In an in-depth comparative and long-term analysis Daniele Caramani studies the macro-historical process of the nationalization of politics. Using a great wealth of new and unexplored data on single constituencies in seventeen West European countries, he reconstructs the territorial structures of electoral support for political parties, as well as their evolution since the mid-nineteenth century from highly fragmented politics in the early stages toward nation-wide alignments. Caramani provides a multi-pronged empirical analysis through time, across countries, and between party families. The inclusion in the analysis of all the most important social and political cleavages - class, state-church, rural-urban, ethno-linguistic and religious - allows him to assess the nationalizing impact of the class cleavage that emerged from national and industrial revolutions, and the resistance of preindustrial cultural factors to national integration. Institutional and socio-economic factors are combined with actor-centered patterns and differences between national types of territorial configurations of the vote.
Introduction: homogeneity and diversity in Europe; Part I. Framework: 1. The structuring of political space; 2. Data, indices, method; Part II. Evidence: 3. Time and space: evidence from the historical comparison; 4. Types of territorial configurations: national variations; 5. The comparative study of cleavages and party families; Part III. Towards an Explanation: 6. The dynamic perspective: national and industrial revolutions; 7. The comparative perspective: social fragmentation and territoriality; Conclusion: from territorial to functional politics.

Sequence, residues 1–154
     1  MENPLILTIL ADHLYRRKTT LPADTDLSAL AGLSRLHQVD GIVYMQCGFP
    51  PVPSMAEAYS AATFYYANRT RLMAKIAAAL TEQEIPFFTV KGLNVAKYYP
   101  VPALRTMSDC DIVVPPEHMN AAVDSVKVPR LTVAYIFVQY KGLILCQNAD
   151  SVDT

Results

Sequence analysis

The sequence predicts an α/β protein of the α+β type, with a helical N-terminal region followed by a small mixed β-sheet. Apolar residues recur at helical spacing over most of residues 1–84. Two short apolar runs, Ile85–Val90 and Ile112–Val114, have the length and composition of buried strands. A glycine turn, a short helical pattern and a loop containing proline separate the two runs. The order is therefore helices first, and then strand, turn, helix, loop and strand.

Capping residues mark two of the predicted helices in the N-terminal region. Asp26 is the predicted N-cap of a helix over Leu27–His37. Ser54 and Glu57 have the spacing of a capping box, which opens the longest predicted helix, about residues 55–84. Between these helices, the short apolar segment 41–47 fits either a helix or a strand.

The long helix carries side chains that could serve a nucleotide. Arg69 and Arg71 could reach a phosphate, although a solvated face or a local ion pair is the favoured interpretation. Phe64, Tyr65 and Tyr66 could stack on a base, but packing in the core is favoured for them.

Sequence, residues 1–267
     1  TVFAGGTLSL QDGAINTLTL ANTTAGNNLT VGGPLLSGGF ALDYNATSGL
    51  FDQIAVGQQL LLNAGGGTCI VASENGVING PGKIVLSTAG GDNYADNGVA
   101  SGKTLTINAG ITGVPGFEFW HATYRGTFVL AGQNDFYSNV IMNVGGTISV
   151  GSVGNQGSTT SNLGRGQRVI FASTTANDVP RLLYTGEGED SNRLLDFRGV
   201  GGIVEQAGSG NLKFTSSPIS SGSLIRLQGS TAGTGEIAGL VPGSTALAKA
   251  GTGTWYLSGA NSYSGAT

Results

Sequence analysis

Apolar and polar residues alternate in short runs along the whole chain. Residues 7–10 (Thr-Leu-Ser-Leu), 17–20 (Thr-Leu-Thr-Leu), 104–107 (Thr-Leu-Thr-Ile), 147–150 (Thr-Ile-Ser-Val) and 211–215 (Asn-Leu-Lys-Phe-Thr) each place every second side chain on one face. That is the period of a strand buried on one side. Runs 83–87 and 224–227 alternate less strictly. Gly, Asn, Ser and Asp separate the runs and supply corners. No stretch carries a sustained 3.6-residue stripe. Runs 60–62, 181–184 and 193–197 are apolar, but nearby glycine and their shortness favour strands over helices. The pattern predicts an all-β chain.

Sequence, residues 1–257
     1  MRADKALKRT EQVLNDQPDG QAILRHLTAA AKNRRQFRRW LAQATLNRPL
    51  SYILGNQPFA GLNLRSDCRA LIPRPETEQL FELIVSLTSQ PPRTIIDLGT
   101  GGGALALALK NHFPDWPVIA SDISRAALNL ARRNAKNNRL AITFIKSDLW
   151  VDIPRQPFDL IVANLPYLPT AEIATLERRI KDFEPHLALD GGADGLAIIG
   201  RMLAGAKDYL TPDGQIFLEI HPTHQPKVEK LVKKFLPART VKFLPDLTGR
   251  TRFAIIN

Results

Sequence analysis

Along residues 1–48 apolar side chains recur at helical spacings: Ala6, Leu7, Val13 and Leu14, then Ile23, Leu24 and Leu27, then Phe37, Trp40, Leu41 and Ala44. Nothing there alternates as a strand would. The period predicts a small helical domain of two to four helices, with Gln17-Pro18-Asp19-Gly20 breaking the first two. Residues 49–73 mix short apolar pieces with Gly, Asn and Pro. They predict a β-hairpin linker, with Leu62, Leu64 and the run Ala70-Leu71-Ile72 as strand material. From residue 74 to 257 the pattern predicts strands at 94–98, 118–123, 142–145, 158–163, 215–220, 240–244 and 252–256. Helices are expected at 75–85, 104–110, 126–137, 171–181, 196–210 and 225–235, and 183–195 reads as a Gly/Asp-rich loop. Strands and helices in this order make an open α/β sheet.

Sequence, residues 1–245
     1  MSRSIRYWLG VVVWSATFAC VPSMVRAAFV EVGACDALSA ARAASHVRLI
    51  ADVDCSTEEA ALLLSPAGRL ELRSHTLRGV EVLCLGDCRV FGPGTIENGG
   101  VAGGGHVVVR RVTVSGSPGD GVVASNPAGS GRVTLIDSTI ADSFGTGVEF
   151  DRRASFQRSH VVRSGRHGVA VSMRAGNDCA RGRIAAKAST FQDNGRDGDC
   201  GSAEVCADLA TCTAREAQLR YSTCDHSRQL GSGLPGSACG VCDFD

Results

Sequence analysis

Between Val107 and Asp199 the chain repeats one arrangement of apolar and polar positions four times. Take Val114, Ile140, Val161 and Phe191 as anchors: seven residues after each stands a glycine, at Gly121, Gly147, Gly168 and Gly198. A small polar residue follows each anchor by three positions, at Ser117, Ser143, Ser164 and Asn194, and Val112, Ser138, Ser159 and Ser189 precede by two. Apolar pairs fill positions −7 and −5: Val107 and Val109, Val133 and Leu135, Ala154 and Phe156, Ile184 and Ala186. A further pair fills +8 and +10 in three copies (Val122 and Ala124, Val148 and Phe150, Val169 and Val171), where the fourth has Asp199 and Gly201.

Reviews for The Nationalization of Politics: The Formation of National Electorates and Party Systems in Western Europe
...an exhaustive study of the processes by which electorates in Western European countries became increasingly nationalized in the late-19th and early-20th centuries. -P.V. Warwick, Simon Fraser University, CHOICE Caramani is deeply versed in the multidisciplinary literature relevant to this model, and his interpretation of the data makes a nuanced and welcome contribution to the party systems literature. -Alice H. Cooper, University of Mississippi, Perspectives of Politics For its rare blend of empirical support and theory-driven analysis, [this book] stands as one of the major contributions in the field of historical political sociology. -Piero Ignazi, University of Bologna, The International History Review The analysis and the arguement [Nationalization of Politics] supports make landmark contributions to our understanding of nationalization over time, across nations, and among party families...It sets the standard for future work. -Jason Beckfield, University of Chicago, American Journal of Sociology
- Winner of Stein Rokkan Prize 2004
- Winner of Stein Rokkan Prize 2004.
- Winner of Stein Rokkan Prize for Comparative Social Science Research 2004
- Winner of Stein Rokkan Prize for Comparative Social Science Research 2004.